defend his “record” publicly, and in the Place where it counts, some would deem it unreasonable.

        Trial by electorate.

    • Gar Howell
      15/03/2012 at 7:17 pm

      PM and others decide to force that person on the UK population, by putting them in the Lords.

      It is not like that, but that is certainly how it seems. If a fella is wandering the corridors with nowt to do, and he is finished, by general agreement, with the other place, he looks for somewhere to sit.

      Now Lord Blagger Read my lips and tell me what color of leather he chooses.

      No!No! Not pink!

  2. Edward Brunsdon
    14/03/2012 at 10:02 pm

    Glass half-full / half-empty ?

    It still means 38.82% of Peers who take part in divisions are not party animals as opposed to pretty much zero in the Commons.

  3. MilesJSD
    15/03/2012 at 2:54 am

    Party “animals” –
    that’s a big fat joke !

    Don’t flatter them

    (and don’t think we real-social, on-the-ground-having-to-leg-it-everywhere, ‘human animals’ are stupid, either):

    everyone knows those ‘parliamentarians’ spend most of their Time
    (actually it’s “Our” time they’re wasting)

    sitting in taxpayer-funded taxis, private cars, aeroplanes, luxury-liners, trains, padded parliamentary, club-privileged, electoral “surgery”* seats, and in taxpayer-funded multiple-homes and hotels.
    * (electoral “sick-animal” surgeries no doubt ?)

    Not only do they not ‘move’ themselves, as any grandly-funded healthy and decent animal should,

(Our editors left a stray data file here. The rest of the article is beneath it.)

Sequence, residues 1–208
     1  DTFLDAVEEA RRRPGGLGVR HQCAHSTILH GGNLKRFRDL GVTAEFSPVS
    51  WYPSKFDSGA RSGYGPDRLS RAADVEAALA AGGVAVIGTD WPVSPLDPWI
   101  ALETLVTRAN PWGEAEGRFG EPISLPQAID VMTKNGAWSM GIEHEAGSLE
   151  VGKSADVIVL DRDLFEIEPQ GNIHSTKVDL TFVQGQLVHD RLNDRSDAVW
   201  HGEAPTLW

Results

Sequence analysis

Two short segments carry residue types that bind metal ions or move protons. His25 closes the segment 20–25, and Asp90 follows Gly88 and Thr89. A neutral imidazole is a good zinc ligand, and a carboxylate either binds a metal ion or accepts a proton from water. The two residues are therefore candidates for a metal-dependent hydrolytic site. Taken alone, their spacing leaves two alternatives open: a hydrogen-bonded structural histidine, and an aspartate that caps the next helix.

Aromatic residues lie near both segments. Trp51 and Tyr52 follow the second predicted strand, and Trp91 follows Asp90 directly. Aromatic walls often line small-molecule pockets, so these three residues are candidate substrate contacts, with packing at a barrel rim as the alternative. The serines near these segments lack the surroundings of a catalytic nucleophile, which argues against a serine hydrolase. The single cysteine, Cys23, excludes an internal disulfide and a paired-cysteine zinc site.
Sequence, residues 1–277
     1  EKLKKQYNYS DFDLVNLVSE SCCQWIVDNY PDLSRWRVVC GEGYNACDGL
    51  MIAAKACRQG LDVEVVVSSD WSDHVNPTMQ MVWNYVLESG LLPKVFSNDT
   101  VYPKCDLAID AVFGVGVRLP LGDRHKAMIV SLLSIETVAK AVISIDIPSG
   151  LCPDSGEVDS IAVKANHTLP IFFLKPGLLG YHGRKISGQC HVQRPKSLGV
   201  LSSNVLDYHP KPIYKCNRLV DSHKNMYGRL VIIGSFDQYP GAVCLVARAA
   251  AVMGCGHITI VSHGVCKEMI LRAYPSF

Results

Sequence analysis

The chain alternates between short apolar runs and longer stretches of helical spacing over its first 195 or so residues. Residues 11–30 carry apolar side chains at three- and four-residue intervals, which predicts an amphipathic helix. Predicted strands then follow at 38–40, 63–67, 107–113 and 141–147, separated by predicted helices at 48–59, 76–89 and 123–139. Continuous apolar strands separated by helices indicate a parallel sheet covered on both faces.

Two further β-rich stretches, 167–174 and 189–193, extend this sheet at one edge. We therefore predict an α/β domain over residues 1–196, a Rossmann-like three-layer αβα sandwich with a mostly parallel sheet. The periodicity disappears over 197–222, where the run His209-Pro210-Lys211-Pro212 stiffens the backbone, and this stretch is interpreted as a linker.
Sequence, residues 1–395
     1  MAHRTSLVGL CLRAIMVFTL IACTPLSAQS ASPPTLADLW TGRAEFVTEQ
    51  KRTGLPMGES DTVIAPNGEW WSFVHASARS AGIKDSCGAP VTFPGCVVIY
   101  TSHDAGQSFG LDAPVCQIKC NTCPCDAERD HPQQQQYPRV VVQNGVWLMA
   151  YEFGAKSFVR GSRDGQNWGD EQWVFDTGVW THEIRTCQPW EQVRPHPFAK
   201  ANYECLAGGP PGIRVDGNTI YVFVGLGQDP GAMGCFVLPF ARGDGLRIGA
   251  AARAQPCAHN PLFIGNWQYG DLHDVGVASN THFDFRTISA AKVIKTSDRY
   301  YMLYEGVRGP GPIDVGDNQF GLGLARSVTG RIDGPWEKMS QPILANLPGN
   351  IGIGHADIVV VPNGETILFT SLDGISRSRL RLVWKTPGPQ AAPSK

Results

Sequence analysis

but your words about them fail to ‘move’ me.

  4. Gareth Howell
    15/03/2012 at 9:41 am

    Surely the one reason there are so many formerly elected people in the said chamber is that they understand the procedure for entering?

    Whereas if they were selection board types, they might well not do.

    The selection board is in that sense a succesful attempt to create an electoral college, which for self selecting former elected representatives, there is none of.

    It is a convenient paradox, for the continued existence of two chambers, rather than the uni-cameral method supported by the Labour left, and actually some notable tories too, but that is another matter.

    The reactionary socialist is prepared to shelve his principles, and wander in to an elitist chamber, at his own convenience.

    • Gar Howell
      17/03/2012 at 6:23 pm

      The reactionary socialist is prepared to shelve his principles, and wander in to an elitist chamber, at his own convenience.

      Possibly pretending to himself that he wants to reform the chamber from within and do himself out of a job. Fat chance!

      At least there are three former PMs who seem to stick to the unicameral principle, but that too is only seeming.

  5. Lord Blagger
    15/03/2012 at 11:48 am

    We can axe the Lords. 150 million a year saved.

    For 20 million on top of the 100 million current cost of voter registration, we can have referenda by proxy.

    You choose a proxy MP, any MP, and they cast proxy votes for the final say on any bill.

    So if you like Vince Cable (proof of being bonkers in my book), but live in Gordon Brown’s constituency, you get to have a say in two ways.

    1. Vince does attend, Brown doesn’t, so your vote counts
    2. You probably don’t like Brown’s policies, so you get to express a view.

  6. maude elwes
    15/03/2012 at 1:56 pm

    Is now, and always has been, unrepresentative of the population as a whole.

    Reason, appointment rather than performance rated. As is the Commons. And getting more so, rather than less.

  7. ladytizzy
    17/03/2012 at 1:32 pm

    Can Mr Purvis break down the MP/councillor figures by their date of entry to the HoL, and give the number of years served as an MP/councillors compared with years served in Hol? Also, what other jobs did, or do, these people had, or have?

Comments are closed.